Psychotherapy

Article

EMDR in Children and Adolescents

EMDR stands for “Eye Movement Desensitization and Reprocessing.”

Antidepressants Versus Psychotherapy for Depression [Subscribers Only]

Research has generally found that both antidepressants and psychotherapy offer similar efficacy in the short-term, but that after treatment discontinuation, results are better with psychotherapy.

The Psychotherapy of Bipolar Disorder and the Moment of Truth

If you treat patients with bipolar disorder, then you have reached what I call the moment of truth. Your patient has been doing so well, she’s not even sure she still has a psychiatric problem. This is one of the many opportunities for psychotherapy in bipolar disorder—in this case, helping your patient to come to terms with her illness.

Research Update

Novel Program Effective for Anxiety Disorders in Primary Care

Anxiety disorders are commonly seen in primary care, whether they present on their own, or comorbid with other illnesses. There’s good evidence for both cognitive-behavioral therapy (CBT) and pharmacotherapy in anxiety disorders, but many patients don’t receive such treatment.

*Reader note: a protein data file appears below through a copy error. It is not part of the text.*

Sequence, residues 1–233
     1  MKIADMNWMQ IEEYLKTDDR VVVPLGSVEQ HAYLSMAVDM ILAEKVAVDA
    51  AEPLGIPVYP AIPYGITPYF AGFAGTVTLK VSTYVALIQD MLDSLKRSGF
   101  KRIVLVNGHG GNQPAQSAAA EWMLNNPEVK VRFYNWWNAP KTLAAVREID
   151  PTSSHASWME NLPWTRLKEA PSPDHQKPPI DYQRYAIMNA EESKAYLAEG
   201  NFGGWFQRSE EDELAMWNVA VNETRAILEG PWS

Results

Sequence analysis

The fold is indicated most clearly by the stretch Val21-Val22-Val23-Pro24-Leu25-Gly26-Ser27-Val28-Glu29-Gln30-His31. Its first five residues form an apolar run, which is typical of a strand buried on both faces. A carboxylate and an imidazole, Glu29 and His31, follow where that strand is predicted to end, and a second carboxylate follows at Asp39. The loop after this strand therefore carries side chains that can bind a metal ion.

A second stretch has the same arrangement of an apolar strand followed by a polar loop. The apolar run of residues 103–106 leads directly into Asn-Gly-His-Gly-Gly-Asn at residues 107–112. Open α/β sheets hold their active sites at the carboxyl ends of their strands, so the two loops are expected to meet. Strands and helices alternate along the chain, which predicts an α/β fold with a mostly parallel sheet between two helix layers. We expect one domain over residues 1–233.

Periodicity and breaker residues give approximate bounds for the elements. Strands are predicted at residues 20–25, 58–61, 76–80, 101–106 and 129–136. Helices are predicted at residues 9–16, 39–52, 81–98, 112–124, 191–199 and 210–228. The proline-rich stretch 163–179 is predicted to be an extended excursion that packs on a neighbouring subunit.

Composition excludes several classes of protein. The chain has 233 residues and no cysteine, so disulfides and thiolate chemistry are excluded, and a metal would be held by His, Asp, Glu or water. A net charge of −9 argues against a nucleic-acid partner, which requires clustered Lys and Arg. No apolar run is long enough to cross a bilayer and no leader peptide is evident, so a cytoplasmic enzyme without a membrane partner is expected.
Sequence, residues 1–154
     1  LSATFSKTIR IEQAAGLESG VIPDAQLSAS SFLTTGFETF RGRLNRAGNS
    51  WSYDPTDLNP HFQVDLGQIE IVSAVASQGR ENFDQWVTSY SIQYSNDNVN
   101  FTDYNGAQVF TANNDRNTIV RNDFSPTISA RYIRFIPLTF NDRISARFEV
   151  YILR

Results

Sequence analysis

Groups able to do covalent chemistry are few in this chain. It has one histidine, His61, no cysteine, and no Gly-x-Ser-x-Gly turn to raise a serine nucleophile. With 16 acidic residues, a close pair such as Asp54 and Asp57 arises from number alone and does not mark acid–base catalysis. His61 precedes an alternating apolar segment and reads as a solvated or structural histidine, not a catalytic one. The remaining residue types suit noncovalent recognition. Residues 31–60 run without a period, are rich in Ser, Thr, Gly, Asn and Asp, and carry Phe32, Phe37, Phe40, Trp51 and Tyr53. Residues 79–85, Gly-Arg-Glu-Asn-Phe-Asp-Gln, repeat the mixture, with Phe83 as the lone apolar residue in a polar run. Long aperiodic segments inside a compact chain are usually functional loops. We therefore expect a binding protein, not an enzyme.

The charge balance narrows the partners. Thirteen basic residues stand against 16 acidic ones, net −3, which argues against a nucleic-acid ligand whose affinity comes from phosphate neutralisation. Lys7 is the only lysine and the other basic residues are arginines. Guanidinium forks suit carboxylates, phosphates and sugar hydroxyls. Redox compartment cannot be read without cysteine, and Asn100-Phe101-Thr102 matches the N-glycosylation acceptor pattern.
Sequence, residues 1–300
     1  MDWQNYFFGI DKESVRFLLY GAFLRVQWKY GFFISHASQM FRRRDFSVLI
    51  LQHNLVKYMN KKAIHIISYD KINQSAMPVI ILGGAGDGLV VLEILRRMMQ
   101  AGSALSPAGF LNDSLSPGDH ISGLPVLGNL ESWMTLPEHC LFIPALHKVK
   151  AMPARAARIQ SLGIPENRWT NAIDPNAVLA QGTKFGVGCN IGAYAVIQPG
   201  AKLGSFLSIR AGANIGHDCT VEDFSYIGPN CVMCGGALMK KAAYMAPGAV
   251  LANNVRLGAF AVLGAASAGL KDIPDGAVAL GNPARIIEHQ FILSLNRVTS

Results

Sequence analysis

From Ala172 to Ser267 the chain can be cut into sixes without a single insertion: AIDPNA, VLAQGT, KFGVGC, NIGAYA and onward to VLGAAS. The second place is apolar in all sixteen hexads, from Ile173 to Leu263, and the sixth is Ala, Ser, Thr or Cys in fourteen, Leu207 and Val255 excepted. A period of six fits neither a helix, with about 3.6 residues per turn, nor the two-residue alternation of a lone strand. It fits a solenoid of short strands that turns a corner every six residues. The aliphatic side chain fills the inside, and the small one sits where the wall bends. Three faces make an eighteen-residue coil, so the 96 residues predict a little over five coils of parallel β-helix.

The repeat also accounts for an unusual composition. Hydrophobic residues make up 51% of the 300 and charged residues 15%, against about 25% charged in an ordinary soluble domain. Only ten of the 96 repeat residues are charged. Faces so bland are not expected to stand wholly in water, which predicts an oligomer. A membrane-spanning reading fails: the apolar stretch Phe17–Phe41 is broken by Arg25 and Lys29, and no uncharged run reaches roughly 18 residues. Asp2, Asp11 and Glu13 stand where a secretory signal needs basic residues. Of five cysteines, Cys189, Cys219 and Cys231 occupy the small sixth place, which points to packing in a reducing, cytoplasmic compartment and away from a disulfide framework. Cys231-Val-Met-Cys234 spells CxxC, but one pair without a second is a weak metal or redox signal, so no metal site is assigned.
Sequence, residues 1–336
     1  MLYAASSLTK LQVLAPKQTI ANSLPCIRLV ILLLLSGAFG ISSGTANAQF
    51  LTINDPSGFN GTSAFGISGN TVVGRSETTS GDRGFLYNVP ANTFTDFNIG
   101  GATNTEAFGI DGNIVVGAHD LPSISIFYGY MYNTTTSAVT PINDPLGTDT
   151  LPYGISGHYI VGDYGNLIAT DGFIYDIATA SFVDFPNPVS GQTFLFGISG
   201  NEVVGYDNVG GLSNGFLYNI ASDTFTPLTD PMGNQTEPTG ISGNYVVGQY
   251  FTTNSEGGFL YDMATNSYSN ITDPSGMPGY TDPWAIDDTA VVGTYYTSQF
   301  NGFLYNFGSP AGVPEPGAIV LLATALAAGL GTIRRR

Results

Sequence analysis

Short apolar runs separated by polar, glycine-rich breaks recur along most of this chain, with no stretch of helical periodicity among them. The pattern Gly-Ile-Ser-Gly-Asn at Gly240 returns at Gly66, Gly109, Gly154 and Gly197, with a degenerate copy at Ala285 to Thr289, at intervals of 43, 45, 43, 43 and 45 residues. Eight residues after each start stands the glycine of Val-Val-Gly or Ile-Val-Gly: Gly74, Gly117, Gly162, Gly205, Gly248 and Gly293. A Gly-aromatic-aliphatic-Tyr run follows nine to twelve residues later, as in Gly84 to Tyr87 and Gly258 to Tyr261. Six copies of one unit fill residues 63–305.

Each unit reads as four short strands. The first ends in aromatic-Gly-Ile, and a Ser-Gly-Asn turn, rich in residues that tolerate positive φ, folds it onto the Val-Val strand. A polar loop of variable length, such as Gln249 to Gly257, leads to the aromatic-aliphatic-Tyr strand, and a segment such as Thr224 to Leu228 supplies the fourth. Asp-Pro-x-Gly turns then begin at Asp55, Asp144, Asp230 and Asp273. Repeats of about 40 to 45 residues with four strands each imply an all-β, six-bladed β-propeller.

IPT for Patients with Early Trauma Histories?

We know that psychotherapy is generally effective for depression, but we don’t really know which depressed patients will respond better than others.

Expert QA

Cognitive Behavioral Therapy for Panic Disorder

Some of the CBT techniques that have proven effective for panic disorder include breathing retraining, cognitive restructuring, and relaxation training.

Free Article

Dialectical Behavior Therapy: A Primer [Free Article]

Dialectical Behavior Therapy - The Carlat Behavioral Health Report

Although it has not been established how the effectiveness of DBT compares with that of other therapies, DBT is the most evidence-based treatment for borderline personality disorder.

How Do Psychotherapy and Medication Change the Brain? [Free Article]

We know that for many conditions, both medications and psychotherapy work about equally well. Common sense would dictate that there is some final common pathway of neuropsychiatric change underlying the symptomatic improvements we see. But identifying what is happening in a living human brain is extremely tricky.